The canary just died

Reflections on fusion history, current events, and predictions for the 'fusion powered future.
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Adam Szendrey
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Re: The canary just died

Post by Adam Szendrey » Wed Jul 13, 2005 7:51 pm

I kinda fear that it's the same with the climate change. It seems to be accelerating at an exponential rate, kicking up every possible prediction by mainstream weather science....And now we go..."uh,oh...umm...well..maybe we should do something? "
Yea, like reducing greenhouse gas emissions to the HALF of what it was BEFORE 1990...And they are serious about it, no kidding! Man i would love to see the impossible happen...
Too late people...Seriously...when will PREVENTION become more than a word in the dictionary?
I don't want to blame anyone who is american here, really, but a single person in the US releases an average of 25 tonns of greenhouse gases yearly. In Europe that's 12 tonns per person per year. In India it's 1 t/p/y.
And what does Bush has to say about it? (i know, who cares) He doesn't want america to be manipulated.....i ask those who live in the US here...can a sane person say anything like that regarding such a topic? Also how is it possible that american people let this **** speak for them? I mean yes, here in Hungary we currently have a similarly **** leadership, and we also let them ruin this country...so actually the question is...why do we (all over the globe) let morons take the wheel? ...really...why?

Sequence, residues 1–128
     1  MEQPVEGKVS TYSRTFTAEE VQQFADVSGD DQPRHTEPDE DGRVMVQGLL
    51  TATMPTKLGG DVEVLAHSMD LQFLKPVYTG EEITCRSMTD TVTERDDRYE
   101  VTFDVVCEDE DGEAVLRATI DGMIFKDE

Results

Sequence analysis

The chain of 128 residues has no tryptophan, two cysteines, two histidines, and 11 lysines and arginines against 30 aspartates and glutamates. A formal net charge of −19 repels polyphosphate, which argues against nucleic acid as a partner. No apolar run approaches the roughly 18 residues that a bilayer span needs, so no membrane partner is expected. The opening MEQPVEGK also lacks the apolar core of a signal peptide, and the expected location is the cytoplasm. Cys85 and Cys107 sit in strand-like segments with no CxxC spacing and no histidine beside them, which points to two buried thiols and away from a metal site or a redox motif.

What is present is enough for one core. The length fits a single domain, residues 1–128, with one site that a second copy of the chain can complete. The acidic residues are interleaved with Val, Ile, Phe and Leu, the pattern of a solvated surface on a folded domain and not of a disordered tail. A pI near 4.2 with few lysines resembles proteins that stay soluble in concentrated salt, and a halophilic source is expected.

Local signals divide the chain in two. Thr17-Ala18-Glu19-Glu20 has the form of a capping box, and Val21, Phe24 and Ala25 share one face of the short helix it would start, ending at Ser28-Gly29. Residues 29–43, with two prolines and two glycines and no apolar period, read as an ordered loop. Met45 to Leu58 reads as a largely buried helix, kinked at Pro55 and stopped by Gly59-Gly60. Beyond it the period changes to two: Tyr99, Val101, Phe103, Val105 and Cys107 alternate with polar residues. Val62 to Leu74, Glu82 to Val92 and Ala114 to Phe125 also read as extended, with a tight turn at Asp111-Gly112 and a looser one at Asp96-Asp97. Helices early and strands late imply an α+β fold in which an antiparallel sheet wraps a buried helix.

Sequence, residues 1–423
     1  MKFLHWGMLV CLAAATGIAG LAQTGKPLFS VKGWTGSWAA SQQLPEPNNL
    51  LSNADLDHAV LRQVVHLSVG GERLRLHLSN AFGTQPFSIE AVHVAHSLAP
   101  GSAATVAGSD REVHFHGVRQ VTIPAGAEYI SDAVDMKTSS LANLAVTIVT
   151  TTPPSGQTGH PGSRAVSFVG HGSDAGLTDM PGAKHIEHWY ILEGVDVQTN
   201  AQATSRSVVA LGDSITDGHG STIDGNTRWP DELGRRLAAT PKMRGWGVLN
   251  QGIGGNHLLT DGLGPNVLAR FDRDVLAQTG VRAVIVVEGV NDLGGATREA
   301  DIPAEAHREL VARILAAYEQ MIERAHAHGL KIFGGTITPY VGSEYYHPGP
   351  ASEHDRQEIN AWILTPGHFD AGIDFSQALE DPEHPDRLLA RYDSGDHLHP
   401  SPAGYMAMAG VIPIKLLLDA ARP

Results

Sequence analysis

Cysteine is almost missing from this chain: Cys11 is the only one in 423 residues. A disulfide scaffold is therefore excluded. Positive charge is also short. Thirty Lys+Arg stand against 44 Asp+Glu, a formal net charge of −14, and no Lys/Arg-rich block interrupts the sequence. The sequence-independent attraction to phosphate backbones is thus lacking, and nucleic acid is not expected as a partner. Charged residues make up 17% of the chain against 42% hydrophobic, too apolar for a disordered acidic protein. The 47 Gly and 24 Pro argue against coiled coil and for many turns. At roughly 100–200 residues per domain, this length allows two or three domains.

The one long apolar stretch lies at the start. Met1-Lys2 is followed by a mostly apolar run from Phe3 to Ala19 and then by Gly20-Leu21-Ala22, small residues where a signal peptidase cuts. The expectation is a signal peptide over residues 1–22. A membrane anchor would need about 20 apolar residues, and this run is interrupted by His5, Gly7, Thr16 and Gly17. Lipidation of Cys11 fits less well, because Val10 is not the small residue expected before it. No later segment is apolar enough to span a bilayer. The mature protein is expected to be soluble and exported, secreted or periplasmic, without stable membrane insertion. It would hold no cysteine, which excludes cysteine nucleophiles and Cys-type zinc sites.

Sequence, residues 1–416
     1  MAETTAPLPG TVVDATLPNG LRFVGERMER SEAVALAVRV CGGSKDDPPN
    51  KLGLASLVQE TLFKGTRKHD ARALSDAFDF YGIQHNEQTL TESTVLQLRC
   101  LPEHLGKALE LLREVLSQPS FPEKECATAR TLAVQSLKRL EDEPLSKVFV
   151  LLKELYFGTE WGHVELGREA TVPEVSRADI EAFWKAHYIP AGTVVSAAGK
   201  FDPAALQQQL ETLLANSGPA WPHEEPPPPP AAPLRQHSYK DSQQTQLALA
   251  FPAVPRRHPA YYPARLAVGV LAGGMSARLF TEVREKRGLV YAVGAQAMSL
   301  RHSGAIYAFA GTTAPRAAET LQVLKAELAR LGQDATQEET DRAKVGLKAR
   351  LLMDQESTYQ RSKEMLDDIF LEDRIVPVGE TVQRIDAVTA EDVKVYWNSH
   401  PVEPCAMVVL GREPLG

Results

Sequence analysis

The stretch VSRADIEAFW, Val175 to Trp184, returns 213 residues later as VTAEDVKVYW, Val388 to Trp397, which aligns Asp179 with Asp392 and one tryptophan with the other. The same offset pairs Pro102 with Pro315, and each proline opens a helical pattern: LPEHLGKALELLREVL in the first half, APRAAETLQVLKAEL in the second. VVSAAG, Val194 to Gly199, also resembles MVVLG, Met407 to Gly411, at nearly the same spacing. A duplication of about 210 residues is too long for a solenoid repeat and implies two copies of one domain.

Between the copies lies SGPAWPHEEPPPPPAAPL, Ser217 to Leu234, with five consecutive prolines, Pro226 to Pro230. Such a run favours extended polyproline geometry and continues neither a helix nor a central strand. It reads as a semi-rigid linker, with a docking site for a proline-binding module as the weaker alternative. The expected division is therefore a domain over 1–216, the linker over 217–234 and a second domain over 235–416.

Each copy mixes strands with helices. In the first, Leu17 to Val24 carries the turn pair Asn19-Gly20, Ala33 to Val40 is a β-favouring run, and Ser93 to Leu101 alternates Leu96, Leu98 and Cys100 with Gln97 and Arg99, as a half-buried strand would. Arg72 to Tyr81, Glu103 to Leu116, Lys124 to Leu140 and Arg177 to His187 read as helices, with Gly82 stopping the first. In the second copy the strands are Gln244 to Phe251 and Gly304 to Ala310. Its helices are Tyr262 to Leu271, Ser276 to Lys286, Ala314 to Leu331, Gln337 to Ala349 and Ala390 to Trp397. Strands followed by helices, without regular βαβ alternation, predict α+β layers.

Okay, so that was my flaming for the day, let the tomatoes fly .

Adam

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Frank Sanns
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Re: The canary just died

Post by Frank Sanns » Wed Jul 13, 2005 10:30 pm

Politics=Popularity=Don't make waves=Don't do things that are very different=Make people feel safe=Only say what is is essential to say=Let people feel good even if they quit school, don't want to work, guzzle energy and resources, and have no idea about the big picture=Money=Good ole boys=Influence with lemmings that stick together to feel whole=Politicians and the people they govern=people that think they are patriots but have no idea how lame they really are.

and a few more but those are my vegetables for the day.

Frank S.

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Brian McDermott
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Re: The canary just died

Post by Brian McDermott » Wed Jul 13, 2005 11:53 pm

Quite frankly, not many people actualy think about the implications when they step into a car. I know I don't. When I drive, I think about paying attention to the road or how to get to where I'm going. The thought of gas only crosses my mind when I glance down at the fuel gauge. That said, I do make an effort to drive in such a way that fuel consumption is minimized.

We can sit here and talk about how bad cars and oil are, but I'm willing to bet that one's personal impact on global warming is not the first thought in mind while behind the wheel.